The jury commended this entry as an excellent example of universal design, but would have welcomed evidence of user-testing as further confirmation.
A good response to user feedback and the realities of an ageing marketplace. While the design solutions are not in themselves original, they combine to deliver an improved product. Lever re-engineering makes small (135ml) cans as easy or easier to open than larger ones, while other modifications improve usability. A reduction in thickness facilitates production cost-savings and delivers a more environment friendly product.
The jury praised this entry for its user- and age-friendly design based on a series of small but effective improvements.
While public concern is rising over excessive packaging and its environmental consequences, markets realities are changing with population ageing. Asahi Breweries has addressed both issues through a thoughtful programme of design evolution responding to negative customer feedback. Design and engineering improvements combine to increase the openability and strength of six-packs while reducing materials and weight. The result is a container package that is both environment and user-friendly.
The jury saw in this a good example of design evolution that will prove influential due to the scale of the market.
Adherence to Panasonic's UD policy has led to this ultra-lightweight and easy-to-use vacuum cleaner. Weight reduction and design improvements deliver an age- and ability-friendly, fully functional vacuum cleaner with commendably low user demand in operation. Considerable and detailed attention has been given to all aspects of design and engineering in this well thought through product evolution.
The jury praised this entry as an example of UD in the field of consistent product improvement and evolution. Its only concern was that applying Panasonic's UD policy might become a substitute for user-consultation, which the jury sees as fundamental to UD.
A sophisticated evolution of the previous Panasonic robotic vacuum cleaner, offering a combination of improved efficiency, feedback and convenience, especially for disabled or time-poor users. User-surveys indicated problems and concerns with specific features of earlier designs regard to cleaning efficiency. These have been thoroughly addressed in this design iteration, in particular by incorporating spatial recognition coupled with AI learning capability.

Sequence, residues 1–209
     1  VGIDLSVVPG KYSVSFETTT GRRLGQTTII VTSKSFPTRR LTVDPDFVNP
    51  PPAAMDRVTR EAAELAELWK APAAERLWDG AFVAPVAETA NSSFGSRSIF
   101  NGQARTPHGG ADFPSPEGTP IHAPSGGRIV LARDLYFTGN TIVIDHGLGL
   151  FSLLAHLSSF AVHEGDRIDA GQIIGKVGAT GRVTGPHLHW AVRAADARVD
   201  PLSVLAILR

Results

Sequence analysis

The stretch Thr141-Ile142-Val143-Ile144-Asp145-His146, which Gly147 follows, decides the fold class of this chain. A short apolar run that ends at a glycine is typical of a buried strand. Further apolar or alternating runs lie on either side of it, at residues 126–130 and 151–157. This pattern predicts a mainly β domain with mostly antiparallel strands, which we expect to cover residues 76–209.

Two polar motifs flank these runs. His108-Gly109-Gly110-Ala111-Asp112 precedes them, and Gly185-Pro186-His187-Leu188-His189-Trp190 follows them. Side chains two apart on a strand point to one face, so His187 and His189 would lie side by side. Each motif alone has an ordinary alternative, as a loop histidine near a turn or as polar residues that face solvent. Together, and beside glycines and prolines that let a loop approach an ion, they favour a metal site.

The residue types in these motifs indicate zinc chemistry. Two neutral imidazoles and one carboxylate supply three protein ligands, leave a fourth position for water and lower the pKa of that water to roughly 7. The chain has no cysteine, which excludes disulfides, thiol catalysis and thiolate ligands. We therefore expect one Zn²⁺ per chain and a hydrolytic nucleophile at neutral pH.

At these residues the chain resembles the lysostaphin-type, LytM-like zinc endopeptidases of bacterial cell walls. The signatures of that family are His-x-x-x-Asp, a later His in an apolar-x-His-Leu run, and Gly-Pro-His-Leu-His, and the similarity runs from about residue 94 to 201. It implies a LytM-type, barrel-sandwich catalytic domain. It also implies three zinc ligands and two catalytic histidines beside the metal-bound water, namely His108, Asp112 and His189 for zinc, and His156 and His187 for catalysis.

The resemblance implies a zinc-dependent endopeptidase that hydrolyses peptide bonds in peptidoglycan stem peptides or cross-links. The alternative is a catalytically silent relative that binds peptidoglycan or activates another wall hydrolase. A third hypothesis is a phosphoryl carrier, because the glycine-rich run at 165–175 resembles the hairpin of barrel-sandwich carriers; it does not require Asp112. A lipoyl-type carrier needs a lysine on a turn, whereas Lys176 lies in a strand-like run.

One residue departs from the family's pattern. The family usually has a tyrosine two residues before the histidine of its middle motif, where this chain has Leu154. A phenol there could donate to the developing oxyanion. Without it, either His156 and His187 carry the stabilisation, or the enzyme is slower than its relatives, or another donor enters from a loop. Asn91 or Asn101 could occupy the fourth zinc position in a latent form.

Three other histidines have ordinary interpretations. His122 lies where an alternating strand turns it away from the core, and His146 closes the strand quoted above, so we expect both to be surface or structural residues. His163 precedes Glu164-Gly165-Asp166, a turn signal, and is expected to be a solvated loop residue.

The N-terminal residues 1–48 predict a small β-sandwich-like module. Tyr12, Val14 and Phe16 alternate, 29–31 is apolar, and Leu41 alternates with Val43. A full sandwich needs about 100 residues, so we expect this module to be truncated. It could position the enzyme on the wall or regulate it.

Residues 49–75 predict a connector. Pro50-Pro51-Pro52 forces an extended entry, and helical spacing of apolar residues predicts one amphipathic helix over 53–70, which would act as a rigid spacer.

The jury valued this design evolution for its efficiency combined with ease of use, in particular for disabled and time-poor users.
With user-research at the heart of its Universal Design process, Toshiba conducted an in-depth study to establish user-priorities for basic household cleaning. This research has led to a range of design improvements to facilitate better handling and manoeuvrability. Key features include the cordless design, roll-along dust canister and easy-grip handle, which in combination deliver high levels of usability.
The jury saw this product as an effective demonstration of universal design underpinned by user study.
With this product Shinohara offers an add-on to existing traffic signals to make road crossings safer and easier to use for older and disabled people. Appropriate light and sound signals are transmitted from low level posts at either side of the crossing, providing auxiliary information to people who may have difficulty seeing and hearing signals placed at a higher level. Post-installation feedback indicates a significant reduction in crossing-related accidents.
The jury commended this entry as an important example of universal design for safety. Crossing the road is matter of life and death, even for the fit and healthy. By better understanding the needs of vulnerable groups and individuals, this design has already proved successful in reducing accidents.
A carefully designed sensory garden, particularly suited to an expanding therapeutic programme for the treatment of autism, As a very recently completed project (November 2017) it is too early to properly judge its success, but the quality and consideration at the heart of the design augur well. In particular, very close but holistic attention has been given to the tailoring of this outdoor space as a therapeutic environment, taking it well beyond the more conventional sensory garden.
The jury found this a potentially exciting initiative. As an autism-centred project its inclusivity is understandably limited, but as an innovative initiative in focused therapy it begins to fill an important gap in current provision.